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[...] A component model defines specific interaction and composition standards.What if we want the player movement to behave just a little differently, like being a little random?Do we implement a new Random Mover-component, or do we need a new component,… just to encapsulate the random function into a component?

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In the book A software component is a software element that conforms to a component model and can be independently deployed and composed without modification according to a composition standard.I believe that every project is a partnership between me and my client, and Im fully committed to jointly develop a clean and elegant product.Please be sure to check my work in the portfolio section. The following diagram illustrates such a monolithic class hierarchy (adopted from the book ): Game-object components address these issues by reducing game-objects to identifiable containers of components, where each component encapsulates some reusable functionality and automatically communicates with other components.A component could be something like: a position, player movement, 3D model, health-points and so on.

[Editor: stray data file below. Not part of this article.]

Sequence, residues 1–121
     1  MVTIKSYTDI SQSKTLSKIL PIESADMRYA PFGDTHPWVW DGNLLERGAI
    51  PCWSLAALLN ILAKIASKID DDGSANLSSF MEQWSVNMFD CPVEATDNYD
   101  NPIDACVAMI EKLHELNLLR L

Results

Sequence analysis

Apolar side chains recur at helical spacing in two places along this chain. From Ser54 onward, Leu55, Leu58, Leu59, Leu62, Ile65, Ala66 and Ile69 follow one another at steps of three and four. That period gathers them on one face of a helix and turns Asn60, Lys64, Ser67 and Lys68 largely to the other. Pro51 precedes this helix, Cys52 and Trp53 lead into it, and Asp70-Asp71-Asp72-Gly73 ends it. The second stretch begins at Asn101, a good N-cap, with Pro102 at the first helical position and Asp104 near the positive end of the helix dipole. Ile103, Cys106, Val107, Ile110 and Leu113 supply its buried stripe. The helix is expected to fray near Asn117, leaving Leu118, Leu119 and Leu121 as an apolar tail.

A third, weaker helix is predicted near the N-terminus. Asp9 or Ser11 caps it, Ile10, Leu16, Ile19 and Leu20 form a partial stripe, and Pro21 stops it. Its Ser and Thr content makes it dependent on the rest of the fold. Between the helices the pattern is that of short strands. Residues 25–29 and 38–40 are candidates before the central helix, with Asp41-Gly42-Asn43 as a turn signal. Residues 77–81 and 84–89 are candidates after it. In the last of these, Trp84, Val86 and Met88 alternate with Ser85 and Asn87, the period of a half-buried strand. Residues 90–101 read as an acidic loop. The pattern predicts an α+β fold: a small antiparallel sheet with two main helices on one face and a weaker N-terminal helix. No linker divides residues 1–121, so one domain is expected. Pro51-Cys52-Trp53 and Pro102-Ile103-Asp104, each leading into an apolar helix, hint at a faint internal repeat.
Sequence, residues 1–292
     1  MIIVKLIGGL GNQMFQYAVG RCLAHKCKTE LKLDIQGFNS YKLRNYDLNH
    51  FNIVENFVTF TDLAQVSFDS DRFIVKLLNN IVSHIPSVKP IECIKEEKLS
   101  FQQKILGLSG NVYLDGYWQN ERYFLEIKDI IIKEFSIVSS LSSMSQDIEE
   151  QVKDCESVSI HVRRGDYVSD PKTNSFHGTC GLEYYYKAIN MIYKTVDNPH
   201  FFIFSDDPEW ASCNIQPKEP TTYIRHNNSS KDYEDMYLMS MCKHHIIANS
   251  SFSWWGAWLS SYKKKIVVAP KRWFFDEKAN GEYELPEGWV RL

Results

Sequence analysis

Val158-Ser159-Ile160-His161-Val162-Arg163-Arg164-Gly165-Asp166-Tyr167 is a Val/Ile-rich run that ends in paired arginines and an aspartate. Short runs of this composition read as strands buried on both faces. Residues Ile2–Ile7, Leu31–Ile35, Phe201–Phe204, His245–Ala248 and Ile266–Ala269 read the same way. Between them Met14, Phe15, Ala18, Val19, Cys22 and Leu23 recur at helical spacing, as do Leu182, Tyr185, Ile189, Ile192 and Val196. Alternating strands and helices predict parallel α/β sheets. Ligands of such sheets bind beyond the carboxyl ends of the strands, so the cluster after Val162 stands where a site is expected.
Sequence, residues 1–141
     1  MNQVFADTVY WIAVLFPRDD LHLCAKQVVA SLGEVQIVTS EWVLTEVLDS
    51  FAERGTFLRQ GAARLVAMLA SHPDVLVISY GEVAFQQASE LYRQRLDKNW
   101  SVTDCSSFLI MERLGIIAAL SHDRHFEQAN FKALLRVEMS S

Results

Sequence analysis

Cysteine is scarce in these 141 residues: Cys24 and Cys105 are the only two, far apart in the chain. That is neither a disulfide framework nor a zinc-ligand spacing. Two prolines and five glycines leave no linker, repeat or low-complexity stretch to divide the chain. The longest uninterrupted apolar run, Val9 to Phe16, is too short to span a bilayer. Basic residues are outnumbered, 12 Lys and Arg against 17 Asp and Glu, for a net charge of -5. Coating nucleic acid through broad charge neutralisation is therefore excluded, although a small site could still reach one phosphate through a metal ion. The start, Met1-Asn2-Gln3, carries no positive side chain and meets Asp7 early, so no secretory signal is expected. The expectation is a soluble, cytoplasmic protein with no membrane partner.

For the communication of components in our engine we used messages, events or let them directly search for components implementing a specified interface, which is illustrated in the following diagram: In component-based architecture we were mostly concerned about the component intercommunication, like the player movement for example: Should the Mover-component manipulate the position directly or send movement-messages?Or should the Position-component listen to movement-events?Components have become pretty popular these days and I’d like to share some issues we had with them in our game projects.I was experimenting with component-based game engine architectures for 2 years and eventually stumbled upon (OOP) viewpoint to why I think FRP helps to write more reusable code.The argument for component-based game-engines usually starts like this: Game-objects should be represented like objects in reality but as the project progresses however, class hierarchies become more and more complex and thus should be split into small, reusable components.Game developers like abstract and re-usable game-engines after all.